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Avenged At Last

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ICOPYKIiïHT, 1890.1 f COKTIKCED. ] mía wo i: iiirry tho thing re the words vrbli 't elicitod. He listened attentivcly and asked: "Well, wüat do you propase to do?" "The ftrst st p will havo to bo taken by you," said Bmurick. "but I willmake a suggestion. Tho man who is to personate Peroj Lovol is an expert pecman and can pasíly learn to sign his namo liko tho Engliab'man, but you must get the copy; and tho bost means I know will bo tuis: you had better maintain your pleasant rolations with the Dolaros and toll Armida that you made a great mistiike which need not 8ever your friendship. You will then be speedily roinstated in your former position wilh tho family. Then some afternoon - tho soonor the better - try and persuado that fat old Blodger, whom you say is with them, to talie Armida and his fat boy to the exhibition, or anywhero out of tho way, and you can stay to keep Mrs. Delaro company. If you do nut make an opportunity during that timo to get ono of that Engli.shman' letters you are not quito as activo and smart as I think you are." "Yes," replied Eugeno. "That appoars to be a foasiblo plai, and the least wo can do is to give it :v trial." So they parted on thisunderstanding, little thinkin? onder what auspices thoir next moeting would tako place. CHAPTER XX. When Eugene noxt called on Armida ho did as his fathcr had suggested. He told her that hc had mado a great mistake and asked hor permission to remain on friendly tcrms sothatho might continue to improto himsolf under her tuition and ftuidanoe. Armida gladly consonted and he was onco more wcloomed to tho Dalaro circlc. He did not ajaia see hia father for several days, and was theroforo unable toreport, but fortuno favored his plans and ono afternoon when Eugone was feigning hard study with Armida, Mr. Blodger camo bouncing into tho room and announced that ho was going to seo the matineo porformanco at tho Wild West show and Invitad thcm all to company hira. Armida at onco acceptsd the invitation and so did her mother, but Eugeno macïe the exouse that his heail ached. "All the moro rcason why you should go," said IilodgiT. "'It will drivo your headacho away. " StlU Eugene v.ould not bc pei-suaded and Armida put it down to sulkiness. The excursión was not to be spoiled, however, by his refusal. Mrs. Dolaro suggested that he should stay at homo and "keep hou," as slio playfully termed it. This u:is oxactly what Eureno wantod, Qotbing could have suited him better. So ha rcadily con.sented, and the p:.Hy went outleavin,7 him to act as he pleased. Mr. Blodger was in his element. Ho took the little party throuh the American Exhibition; pointed out thoso things in which t.o wasespeoially interested, and finally they rcachedtho Wild West show and entered a private box which Mr. Blodger bad already gaged. u.hü performance, so familiar to most Americana, eommenced. Every thing went alonjí pleasanMy, and cverybody wasdeligbted, untilthe showcamo to a close. Af ter it ivas over the originator of it, Ilon. Ihiffalo IJill, held ono of his celebrated rcceptlons, whilo the visitors interes; ■! themsolves in rxamining tho tents of tholndians, thebuoking bronchos and uil the parapLcrnalia of the Wild West. At last when evoiy thin had been seen Mr. Biotlgor and his party turned to go. A9 they did so a disturbance suddenly took place noar whero they stood and two men could bo seen struffgling on tho ground. Tbe one seemed many years younger than tho othor and he was evidontly holding on to tho older man with an embrace which ho in tended ahould be lasting. With truc English instinct the crowd gatherod around the two men to see tho fight, bui when they noticed the dispárity in ago they murmured: "Shame! Shame!" Stillnobody tried to part them until a burly policeman pushcd bis way through the crowd and endeavored to part the cornbatants. With tho help of u. bystander he raised tho struggling men to their feet, but still the younger man held on and would not loosen his hold. "I will not let him go," he cricd. The pcoplo thought him crazy. At first it secmcd to be only a drunken squabblo, but tho onloolcers soon noticed that each of the men were well dressed and thon they knew that somotbing more serious than a momentary quarrel must be tho cause of the disturbance. The younger man whocried out so loudly was flushed and hot; his cheeks and nock wcro red as fast flowinR blood could mako them; but tho older man was pallid with the sickly huo of doath. This was only the oommencement of the troublc, hewever. Tho crowd had a delectablo troat in store for them. Mrs. Delaro was about to retreat from tho spot when she heard and recognized a voico she knew well. She at onco 'turned and raising her vail looked toward where tho burly policeman stood holding his two prisoners. Thero sho beheíd a sight which made her hoart leap for joy. Without a word to her companions sho ran towards tho policeman and clbowing hor way through the orowd grasped tho yoiing man's arm and cried out: "Percy Lovel! You alive? In Hoaven"s name, what is the matter?" Percy turned his oyes towards her and in tho same moment gavo the man he hold a powerful twist which brought his face in contact with Mrs. Dolaro's, and shoutcd: "Do you recognizo him?" Did she? Ah, this was tlio si'-romo moment of years of anxiety and pentup hatred. Throwing fcer arrus back with a tragic air, sho exclaimed in joyiul accent3: "Leon Vclasquez! My husband's murderor! Thank llcaven, wo moot at last!" IÍ the words had boen magie they could not havo had a quickor or stronger influence on the policeman. He was instantly awakened to the seriousness of the situation and in Ies3 time than it takes to write it he had manacled the acoused man, and was hearing him ofE towards one of the cffices, telling Mrs. Delaro and Porcy to CnUow him. Mr. Blodtrer, Armida, and Stephen liiodger, Jr., bad Imraediately followed Mrs. Delaro to ascertain what tho extraordinary movement on her part mcant, and as Mrs. Dolaro followed the policeman, Armida drew noar to her and excitedly askod: "Mother, dear, what does all this moan?" "It means, my child. that wo have run him to earth at last - oh, at last, at last!" "Whom do you mean?" "Hush child - the man who raurdered yourdear, dear father many yeara ago, the man whom he trnstcd, Leon Valasquez." Armida had almost forgotten that her father had .boen murdered, but this was no time for explanations, and Armida did not ask for one, but sne did ask: "Who is that man walking on the loft of tho policeman, mothor?" "Percy Lovol, my dear, whom we have so long raourned as dead.1' Then, without any regard to appearances, the impetuous girl rushod after Percy, and shook his hancU with a heartiness that gave both him and her mother great pleaaure, but which would have smothered Eugene's hopes forever had ho witilessod the deop genuinoness of her welcomo. A moment later the policeman took his prisoner into tho office, aud Mrs. Dclaro and her party followed. During all the time tho prisoner did not utter a word. He was allowcd to sit down, and when once ho raisod his blanched, terror-stricken face, Armida immediately recognized it "Mother, that is Mr. Emerick; tiiero must bo some mistake." "No mistake, my child. I know Leon Velasquez's face too well to ever forget it" Meantime. cabs had been ordered, and the prisoner, accompanied by two policemon, entered one, while tho others wero occupied by the rest of the party, and thoy drovo away from the immense Crowd, whioh had fcathered to the pólice station. Tho charge was entered, and Mrs. Dolaro and Percy wero instructed to appear next day and pive the ir ovldence aprainst tho prisoner. The entire party then roturned to the hotel tofjothcr. Mr. Blodgec, who was considerably myatifled and wished to hear the wliolo story, decided to company tho party, and of courso ho had to take his heavy-wéight son along with him. When they were once moro seated in one of tho elegant suite of rooms which Mrs. Dolaro occupicd, Armüia was tho first to speak- "Where is Mr. Bregy? Did he not Bay ho would wait until we returned?" "Probably he feit too unwell to romain and went to hia hotel," said her ïnother, but no soonor bad sho uttered the words than her maid camo into the room crying and soMjing: "Oh, Mrs. Delaro, they have laken Mr. lïrepry to tho pólice station, and there has been terrible tronble here." "Taken Mr. Brogy to the pólice station - why what do you rnean?" asked Mrs. Delaro. As well as sho could, in her excited state, the f?irl rolated how ono of the . portera, in passing1 tho door which waa 8lightly ajar, had seen Mr. Uregy standing over Miss Armida's writing desk trvinff to open it. The man watched him until lio liad opencd it and when Mr. Bregy liad hishat on ready to leave ho rushed in and scized him. The portar naturally felt justiiicd inplacing him under arrest as he canpfht him with a bundie of Bank of Kngland notes in his finge-rs. "Surely, there must be soino horrible mistake about it all," faid Armida. "There is no mistako at alï, miss," said the garrulous girl, "for they have locked him up at the pólice station, and he will bo taken before tho magistrate in the morning." Still Armida could not bellevo it, and was detormined to ero and seo Eugene; but as sho could not go alono, she accepted Mr. l'.lodger's offer toaccompany her. Whilo sho was avvay on this errand Percy Lovel told Mrs. Delaro his story, from tho timo he had left New York for South America up to the encountcr at the Wild West Show. "For tho past week," ho proceeded, "I havo been trying to find you. I have sought you at most hotels and examined tho register at tho American Exchango, but could not secure anv trace of vou. L TO BE CONTINUKD. I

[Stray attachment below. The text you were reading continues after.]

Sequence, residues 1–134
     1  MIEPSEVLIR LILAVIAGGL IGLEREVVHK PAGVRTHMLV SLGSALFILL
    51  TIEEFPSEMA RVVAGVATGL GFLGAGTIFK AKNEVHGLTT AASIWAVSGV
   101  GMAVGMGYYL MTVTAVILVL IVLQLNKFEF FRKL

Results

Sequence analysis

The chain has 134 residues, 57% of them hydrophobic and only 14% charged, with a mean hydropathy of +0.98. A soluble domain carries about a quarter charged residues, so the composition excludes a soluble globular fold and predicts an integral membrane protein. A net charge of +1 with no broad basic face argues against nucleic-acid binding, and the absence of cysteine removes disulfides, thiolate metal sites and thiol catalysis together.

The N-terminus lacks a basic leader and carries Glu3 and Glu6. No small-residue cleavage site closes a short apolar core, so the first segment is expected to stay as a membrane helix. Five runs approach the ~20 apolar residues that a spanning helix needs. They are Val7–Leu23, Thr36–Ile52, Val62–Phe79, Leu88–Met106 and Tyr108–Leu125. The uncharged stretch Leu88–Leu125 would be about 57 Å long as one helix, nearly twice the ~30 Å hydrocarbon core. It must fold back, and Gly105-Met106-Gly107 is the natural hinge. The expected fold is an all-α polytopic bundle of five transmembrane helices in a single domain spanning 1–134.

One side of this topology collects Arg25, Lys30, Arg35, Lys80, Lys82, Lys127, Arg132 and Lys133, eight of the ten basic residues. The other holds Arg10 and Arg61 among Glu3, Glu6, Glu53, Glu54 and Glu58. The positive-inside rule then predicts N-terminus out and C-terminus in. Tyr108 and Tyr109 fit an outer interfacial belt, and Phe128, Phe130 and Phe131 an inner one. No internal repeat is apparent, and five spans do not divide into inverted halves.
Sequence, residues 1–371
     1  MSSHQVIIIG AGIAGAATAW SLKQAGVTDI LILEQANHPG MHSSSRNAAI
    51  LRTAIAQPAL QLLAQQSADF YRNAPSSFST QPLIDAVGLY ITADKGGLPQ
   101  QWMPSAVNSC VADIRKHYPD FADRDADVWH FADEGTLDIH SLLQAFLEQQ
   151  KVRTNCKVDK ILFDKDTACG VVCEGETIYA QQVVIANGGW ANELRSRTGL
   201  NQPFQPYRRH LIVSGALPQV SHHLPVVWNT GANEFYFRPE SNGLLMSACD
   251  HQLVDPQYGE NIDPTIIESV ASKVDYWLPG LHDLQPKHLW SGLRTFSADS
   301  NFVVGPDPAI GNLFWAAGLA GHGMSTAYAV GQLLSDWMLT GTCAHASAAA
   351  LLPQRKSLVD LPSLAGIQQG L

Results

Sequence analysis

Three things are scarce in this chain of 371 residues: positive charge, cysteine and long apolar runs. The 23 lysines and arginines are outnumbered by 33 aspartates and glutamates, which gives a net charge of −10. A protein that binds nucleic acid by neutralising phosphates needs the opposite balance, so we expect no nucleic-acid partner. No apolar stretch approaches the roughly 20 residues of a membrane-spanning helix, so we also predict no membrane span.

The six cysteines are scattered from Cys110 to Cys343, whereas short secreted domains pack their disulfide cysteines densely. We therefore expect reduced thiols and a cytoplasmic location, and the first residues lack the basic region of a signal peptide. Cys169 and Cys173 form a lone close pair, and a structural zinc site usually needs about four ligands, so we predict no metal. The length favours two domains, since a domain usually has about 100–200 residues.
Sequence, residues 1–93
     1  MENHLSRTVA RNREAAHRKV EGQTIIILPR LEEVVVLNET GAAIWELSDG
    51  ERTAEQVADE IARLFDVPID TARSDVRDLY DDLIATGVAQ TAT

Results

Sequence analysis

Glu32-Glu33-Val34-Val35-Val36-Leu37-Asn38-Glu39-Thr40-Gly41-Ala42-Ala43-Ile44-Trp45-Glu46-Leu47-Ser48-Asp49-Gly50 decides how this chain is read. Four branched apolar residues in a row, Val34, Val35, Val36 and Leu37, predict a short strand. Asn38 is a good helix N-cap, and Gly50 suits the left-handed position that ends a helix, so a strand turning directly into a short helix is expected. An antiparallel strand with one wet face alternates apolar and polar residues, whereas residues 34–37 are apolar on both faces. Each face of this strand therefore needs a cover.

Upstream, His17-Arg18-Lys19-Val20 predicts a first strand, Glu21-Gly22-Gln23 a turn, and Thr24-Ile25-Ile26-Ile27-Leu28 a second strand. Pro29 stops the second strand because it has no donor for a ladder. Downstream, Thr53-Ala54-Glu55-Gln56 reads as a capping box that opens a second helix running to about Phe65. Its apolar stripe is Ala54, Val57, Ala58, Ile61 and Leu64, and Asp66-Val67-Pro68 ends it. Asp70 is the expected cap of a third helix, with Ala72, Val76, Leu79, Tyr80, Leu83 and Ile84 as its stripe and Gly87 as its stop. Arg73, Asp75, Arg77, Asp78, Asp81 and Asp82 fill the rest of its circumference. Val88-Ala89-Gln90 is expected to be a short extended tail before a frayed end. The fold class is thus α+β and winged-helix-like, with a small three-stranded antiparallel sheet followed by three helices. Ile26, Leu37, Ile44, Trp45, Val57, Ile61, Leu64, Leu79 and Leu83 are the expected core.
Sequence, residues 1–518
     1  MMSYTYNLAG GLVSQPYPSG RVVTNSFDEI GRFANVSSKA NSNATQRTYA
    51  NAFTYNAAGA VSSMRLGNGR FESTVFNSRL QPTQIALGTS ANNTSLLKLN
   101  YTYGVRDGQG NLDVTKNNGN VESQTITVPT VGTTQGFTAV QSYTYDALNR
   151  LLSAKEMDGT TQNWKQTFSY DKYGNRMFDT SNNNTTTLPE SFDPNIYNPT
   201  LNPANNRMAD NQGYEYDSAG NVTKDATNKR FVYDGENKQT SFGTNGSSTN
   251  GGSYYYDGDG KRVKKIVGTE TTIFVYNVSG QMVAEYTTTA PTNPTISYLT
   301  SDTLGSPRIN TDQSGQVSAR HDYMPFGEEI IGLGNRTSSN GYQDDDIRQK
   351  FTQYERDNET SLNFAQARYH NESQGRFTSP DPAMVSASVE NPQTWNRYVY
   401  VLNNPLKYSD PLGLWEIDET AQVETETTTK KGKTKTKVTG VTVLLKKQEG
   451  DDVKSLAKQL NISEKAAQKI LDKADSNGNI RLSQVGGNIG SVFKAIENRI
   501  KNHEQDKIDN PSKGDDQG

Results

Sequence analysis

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Ann Arbor Register